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Section 2: Constitutional Design: Introduction
Uppsala University, Disciplinary Domain of Humanities and Social Sciences, Faculty of Social Sciences, Department of Government.ORCID iD: 0000-0001-8867-0815
2015 (English)In: The Oxford Handbook of Swedish Politics / [ed] Jon Pierre, Oxford: Oxford University Press, 2015Chapter in book (Refereed)
Abstract [en]

Considering the number of fundamental laws as well as, for example, the length of the Instrument of Government (Regeringsformen) (194 articles), the impression might be that constitutional principles are of great importance in Swedish political life. However, references to such principles are very uncommon in legal rulings or in the public debate. The Swedish political culture is best described as pragmatic and consensual, where the government’s ability to take action—for example, securing various welfare state policies—has been given deliberate precedence over constitutional ideas that focus on limiting government under higher law. The fact that a section on constitutional design in a handbook on Swedish politics is preceded by a section on the politics of the welfare state is a perfect reflection of this reality.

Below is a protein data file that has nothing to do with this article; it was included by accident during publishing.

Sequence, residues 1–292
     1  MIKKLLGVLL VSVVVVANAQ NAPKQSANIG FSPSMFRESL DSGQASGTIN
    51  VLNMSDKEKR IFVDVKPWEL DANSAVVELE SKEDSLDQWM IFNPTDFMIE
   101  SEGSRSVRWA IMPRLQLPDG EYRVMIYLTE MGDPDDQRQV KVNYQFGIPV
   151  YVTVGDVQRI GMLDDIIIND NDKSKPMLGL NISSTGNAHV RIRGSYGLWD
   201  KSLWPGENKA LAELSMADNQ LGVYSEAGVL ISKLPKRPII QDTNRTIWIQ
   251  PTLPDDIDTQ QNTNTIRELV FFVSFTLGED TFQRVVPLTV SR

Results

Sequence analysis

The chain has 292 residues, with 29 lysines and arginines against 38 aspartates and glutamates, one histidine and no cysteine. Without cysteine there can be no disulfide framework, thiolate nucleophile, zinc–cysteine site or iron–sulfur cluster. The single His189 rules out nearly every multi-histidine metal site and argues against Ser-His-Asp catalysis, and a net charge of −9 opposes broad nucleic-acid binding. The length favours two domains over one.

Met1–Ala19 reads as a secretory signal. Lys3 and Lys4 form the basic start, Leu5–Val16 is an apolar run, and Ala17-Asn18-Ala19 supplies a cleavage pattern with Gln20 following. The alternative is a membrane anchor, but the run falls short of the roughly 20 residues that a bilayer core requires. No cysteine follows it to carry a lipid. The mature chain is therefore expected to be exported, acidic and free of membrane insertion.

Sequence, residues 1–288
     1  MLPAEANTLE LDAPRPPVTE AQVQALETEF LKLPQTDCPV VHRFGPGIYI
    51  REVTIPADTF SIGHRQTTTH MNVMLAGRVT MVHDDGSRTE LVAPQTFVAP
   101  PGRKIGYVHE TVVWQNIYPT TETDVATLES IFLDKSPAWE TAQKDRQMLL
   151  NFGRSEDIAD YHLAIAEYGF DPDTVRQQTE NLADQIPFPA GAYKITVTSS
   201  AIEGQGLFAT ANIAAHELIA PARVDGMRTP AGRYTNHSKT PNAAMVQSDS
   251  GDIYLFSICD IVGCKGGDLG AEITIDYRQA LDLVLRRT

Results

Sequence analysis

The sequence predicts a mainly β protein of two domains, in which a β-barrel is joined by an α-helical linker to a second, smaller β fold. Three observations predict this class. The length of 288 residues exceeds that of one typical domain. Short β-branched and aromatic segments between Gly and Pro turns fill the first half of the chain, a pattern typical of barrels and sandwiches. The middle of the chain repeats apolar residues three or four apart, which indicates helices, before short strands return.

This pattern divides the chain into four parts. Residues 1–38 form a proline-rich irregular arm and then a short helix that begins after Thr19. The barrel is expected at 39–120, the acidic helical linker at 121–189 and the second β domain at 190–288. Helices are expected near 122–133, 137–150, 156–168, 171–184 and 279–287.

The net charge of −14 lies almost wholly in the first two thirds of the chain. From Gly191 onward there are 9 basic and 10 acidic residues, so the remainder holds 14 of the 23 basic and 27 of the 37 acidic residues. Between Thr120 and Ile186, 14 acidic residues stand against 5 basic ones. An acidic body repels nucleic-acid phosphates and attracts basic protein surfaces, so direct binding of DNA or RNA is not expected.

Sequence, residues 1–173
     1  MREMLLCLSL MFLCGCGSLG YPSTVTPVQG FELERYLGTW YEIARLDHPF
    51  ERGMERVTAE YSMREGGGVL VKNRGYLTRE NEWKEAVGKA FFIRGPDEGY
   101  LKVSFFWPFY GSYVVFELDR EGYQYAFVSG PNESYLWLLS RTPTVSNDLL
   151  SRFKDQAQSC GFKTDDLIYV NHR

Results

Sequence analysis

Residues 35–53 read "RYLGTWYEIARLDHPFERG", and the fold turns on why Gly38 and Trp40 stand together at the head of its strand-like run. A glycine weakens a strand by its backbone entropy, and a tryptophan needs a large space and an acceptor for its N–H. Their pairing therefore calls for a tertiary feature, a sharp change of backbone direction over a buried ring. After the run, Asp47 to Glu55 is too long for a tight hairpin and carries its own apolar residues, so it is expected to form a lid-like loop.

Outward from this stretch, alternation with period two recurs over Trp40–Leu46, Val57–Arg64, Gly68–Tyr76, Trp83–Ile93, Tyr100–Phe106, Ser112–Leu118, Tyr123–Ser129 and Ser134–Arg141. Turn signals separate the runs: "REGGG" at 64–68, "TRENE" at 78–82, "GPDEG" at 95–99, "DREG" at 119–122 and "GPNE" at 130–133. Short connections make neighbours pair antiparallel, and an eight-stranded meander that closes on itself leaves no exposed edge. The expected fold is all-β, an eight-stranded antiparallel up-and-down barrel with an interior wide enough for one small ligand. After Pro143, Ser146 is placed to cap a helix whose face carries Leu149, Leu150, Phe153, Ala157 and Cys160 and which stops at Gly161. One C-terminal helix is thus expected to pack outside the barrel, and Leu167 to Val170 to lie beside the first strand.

From a constitutional design perspective, Sweden is an interesting case. During the previous IG of 1809, which was based on the principle of separation of powers, comprehensive changes in the practice of government were made without any corresponding amendments of the IG itself. The most noteworthy of these changes were the introduction of universal suffrage for men and women, parliamentarism, and the abolition of the Parliament of the Four Estates, which was replaced by a bicameral system. All these fundamental changes were made in slightly more than 100 years, without any corresponding amendments or changes to the 1809 IG (which was the second oldest constitution in the world). This certainly raises questions on the elasticity of the constitution, that is, the significance of constitutional rules for political practice in the Swedish setting. The foregoing changes were in effect by 1921, but the IG was not completely rewritten to reflect the true form of government until 1974—a fact that has led constitutional experts to talk about the period of 1921–1974 as “the constitution-less half-century” (Sterzel 2009: 18f). Despite this radical and needed revision of the IG in the 1970s, the contributions in this section will reveal that a weak constitutional culture still prevails in Sweden. For example, when Sweden joined the European Union in 1995, the constitutional adjustments were kept as small and as technical as possible.

Place, publisher, year, edition, pages
Oxford: Oxford University Press, 2015.
National Category
Political Science Political Science (excluding Public Administration Studies and Globalization Studies)
Research subject
Political Science
URN: urn:nbn:se:uu:diva-241509ISBN: 978–0–19–966567–9OAI: oai:DiVA.org:uu-241509DiVA: diva2:779719

Shirin Ahlbäck Öberg was section editor for this particular section in the handbook, a section which consists of the following four chapters:

Petersson, Olof, "Constitutional History"Hermansson, Jörgen, "The Election System"Möller, Tommy, "The Parliamentary System"Ahlbäck Öberg, Shirin & Wockelberg, Helena, "The Public Sector and the Courts" [se separatr post in DiVa]

Available from: 2015-01-13 Created: 2015-01-13 Last updated: 2015-11-12

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